"Within five minutes the world is changed," Witts said. "This impact event happened, and all these processes that are happening are maybe happening really really quickly."
"Dinosaur plans are ruined," Phillips agreed jokingly.
"You think 2020's a bad year?" Witts agreed laughing.
The sites in Starkville, and particularly the creek site off Highway 182, is exciting for the team because there is so much evidence of the impact. The team has discovered sediment containing impact spherules, small beads of earth originally from the Yucatan which were blasted into the sky at the time of the asteroid impact and then fell to the surface in other parts of the world.
Scientists can also glean information from what they don't find.
"When you look at these rocks (above the K-Pg boundary), you don't find any of these guys. They're all dead," Witts said, holding up a small, fossilized shell of an ammonite found below the K-Pg boundary. "Just a few little species of oyster and a pretty dead sea floor compared to this diversity that you see in these rocks (from) before. That's how life is after ... this extinction.
"You can start to see in higher levels elsewhere how life recovers," he added.
A basic premise of archaeology and paleontology is that the deeper in the earth something is found, the older it is. The scientists can tell where in the earth's crust the K-Pg boundary is because beneath it, the rock is a different shade than above. Scientists hope the differences in the finds from the layers -- those before, during and after the extinction event -- will tell them more about the mass extinctions, but also how life bounces back after one.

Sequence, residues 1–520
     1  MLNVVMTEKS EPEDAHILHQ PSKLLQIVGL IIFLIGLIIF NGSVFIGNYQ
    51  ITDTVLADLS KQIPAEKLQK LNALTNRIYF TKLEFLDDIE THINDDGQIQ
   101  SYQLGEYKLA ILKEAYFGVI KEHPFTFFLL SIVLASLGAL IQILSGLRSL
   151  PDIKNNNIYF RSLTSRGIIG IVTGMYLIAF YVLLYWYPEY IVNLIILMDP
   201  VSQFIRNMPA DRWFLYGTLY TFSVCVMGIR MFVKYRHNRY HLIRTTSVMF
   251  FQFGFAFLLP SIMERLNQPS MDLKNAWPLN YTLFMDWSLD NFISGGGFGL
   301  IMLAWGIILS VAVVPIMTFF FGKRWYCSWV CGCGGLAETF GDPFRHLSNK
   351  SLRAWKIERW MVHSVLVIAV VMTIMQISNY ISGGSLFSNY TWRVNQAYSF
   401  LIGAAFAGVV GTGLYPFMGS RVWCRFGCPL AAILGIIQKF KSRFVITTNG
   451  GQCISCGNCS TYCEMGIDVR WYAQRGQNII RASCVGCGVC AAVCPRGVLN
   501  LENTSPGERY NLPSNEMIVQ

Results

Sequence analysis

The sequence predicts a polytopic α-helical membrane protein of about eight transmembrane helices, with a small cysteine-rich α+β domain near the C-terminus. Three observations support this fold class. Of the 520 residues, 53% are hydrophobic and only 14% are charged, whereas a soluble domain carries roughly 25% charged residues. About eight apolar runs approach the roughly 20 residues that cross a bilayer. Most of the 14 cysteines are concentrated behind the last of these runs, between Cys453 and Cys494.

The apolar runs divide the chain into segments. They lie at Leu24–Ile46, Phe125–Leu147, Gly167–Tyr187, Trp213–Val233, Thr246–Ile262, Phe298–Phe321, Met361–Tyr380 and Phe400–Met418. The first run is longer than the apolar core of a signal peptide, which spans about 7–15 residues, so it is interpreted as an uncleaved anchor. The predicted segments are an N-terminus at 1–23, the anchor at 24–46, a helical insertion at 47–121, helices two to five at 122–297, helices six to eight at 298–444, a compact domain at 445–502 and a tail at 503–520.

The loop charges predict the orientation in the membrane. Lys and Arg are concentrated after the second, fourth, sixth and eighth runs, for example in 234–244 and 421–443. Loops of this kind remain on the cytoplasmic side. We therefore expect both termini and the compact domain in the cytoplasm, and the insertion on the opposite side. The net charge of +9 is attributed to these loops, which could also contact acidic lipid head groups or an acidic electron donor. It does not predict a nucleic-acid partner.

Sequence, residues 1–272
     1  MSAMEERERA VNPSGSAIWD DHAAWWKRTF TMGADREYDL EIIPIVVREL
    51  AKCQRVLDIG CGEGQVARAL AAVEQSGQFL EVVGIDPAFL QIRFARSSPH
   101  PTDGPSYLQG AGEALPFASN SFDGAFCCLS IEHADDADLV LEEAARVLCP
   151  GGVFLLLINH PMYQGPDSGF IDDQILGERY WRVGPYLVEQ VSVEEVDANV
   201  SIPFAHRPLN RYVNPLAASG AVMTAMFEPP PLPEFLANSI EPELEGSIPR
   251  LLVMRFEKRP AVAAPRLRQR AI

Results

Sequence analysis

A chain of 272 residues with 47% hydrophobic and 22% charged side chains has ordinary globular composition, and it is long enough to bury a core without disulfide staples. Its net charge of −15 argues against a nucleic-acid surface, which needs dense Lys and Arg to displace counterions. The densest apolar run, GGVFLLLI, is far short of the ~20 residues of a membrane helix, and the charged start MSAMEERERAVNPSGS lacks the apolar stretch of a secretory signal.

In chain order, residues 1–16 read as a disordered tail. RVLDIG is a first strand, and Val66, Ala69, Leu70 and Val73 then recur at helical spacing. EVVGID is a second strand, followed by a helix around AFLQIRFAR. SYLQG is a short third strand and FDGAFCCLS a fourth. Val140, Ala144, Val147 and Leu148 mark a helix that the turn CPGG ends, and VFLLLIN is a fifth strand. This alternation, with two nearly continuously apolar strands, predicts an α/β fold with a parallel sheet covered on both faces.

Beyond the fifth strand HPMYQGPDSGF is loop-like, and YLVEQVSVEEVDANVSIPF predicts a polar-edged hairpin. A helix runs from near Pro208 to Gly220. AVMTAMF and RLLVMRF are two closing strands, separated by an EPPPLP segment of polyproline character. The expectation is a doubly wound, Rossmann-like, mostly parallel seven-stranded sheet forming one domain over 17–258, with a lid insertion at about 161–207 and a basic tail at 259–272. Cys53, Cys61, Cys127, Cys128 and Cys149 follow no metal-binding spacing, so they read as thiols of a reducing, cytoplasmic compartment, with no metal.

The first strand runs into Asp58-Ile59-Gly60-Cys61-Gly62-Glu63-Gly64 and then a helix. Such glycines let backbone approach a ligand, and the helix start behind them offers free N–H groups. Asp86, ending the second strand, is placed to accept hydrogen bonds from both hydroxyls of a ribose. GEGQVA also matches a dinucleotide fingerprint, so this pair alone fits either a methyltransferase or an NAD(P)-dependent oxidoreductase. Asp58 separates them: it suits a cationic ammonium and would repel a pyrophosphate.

That's an interesting question for scientists, because it's relevant to today, when deforestation, climate change and other factors are changing the earth and causing many species to go extinct, the team said.
Phillips said it would be easy to couch paleontology as an "intellectual science" without much bearing on what's going on now. Projects like this prove that's not the case, he said, since they can show how life was affected during times of geologic unrest and climate change.
"If you're studying ultimately something like climate change and other facts of biology in general -- studying extinctions -- paleontology, the study of the paleontological world, the fossil world, is a good way to get a handle on the idea of what's going on today and what might happen with certain changes in the composition of the atmosphere or how we're interrupting the flow of resources in the environment," Phillips said. "Humans are using a lot of resources. I don't want to harp on humans, but we have changed the landscape of the earth a lot."
For example, Witts said, one of the changes likely brought about by the asteroid impact was ocean acidification, which is happening again today, albeit at a slower process.
"There's a lot of concern right now about environmental change and even whether we're going into another mass extinction event and biodiversity crisis, caused maybe by human activities," he said. "By studying these ancient extinctions, we can actually see what happens to life on earth when one of these events happens, when we have a period of biodiversity crisis."
The team, whose last day is today, will take some of the fossils and rock samples back to their respective museums and universities for display or to analyze for microscopic changes they can't see with the naked eye, Phillips said.
The finds will be just one part of the research scientists are doing all over the country to learn more about the event.
"(The partnership) with this group gives me a way to contribute to the big picture," he said.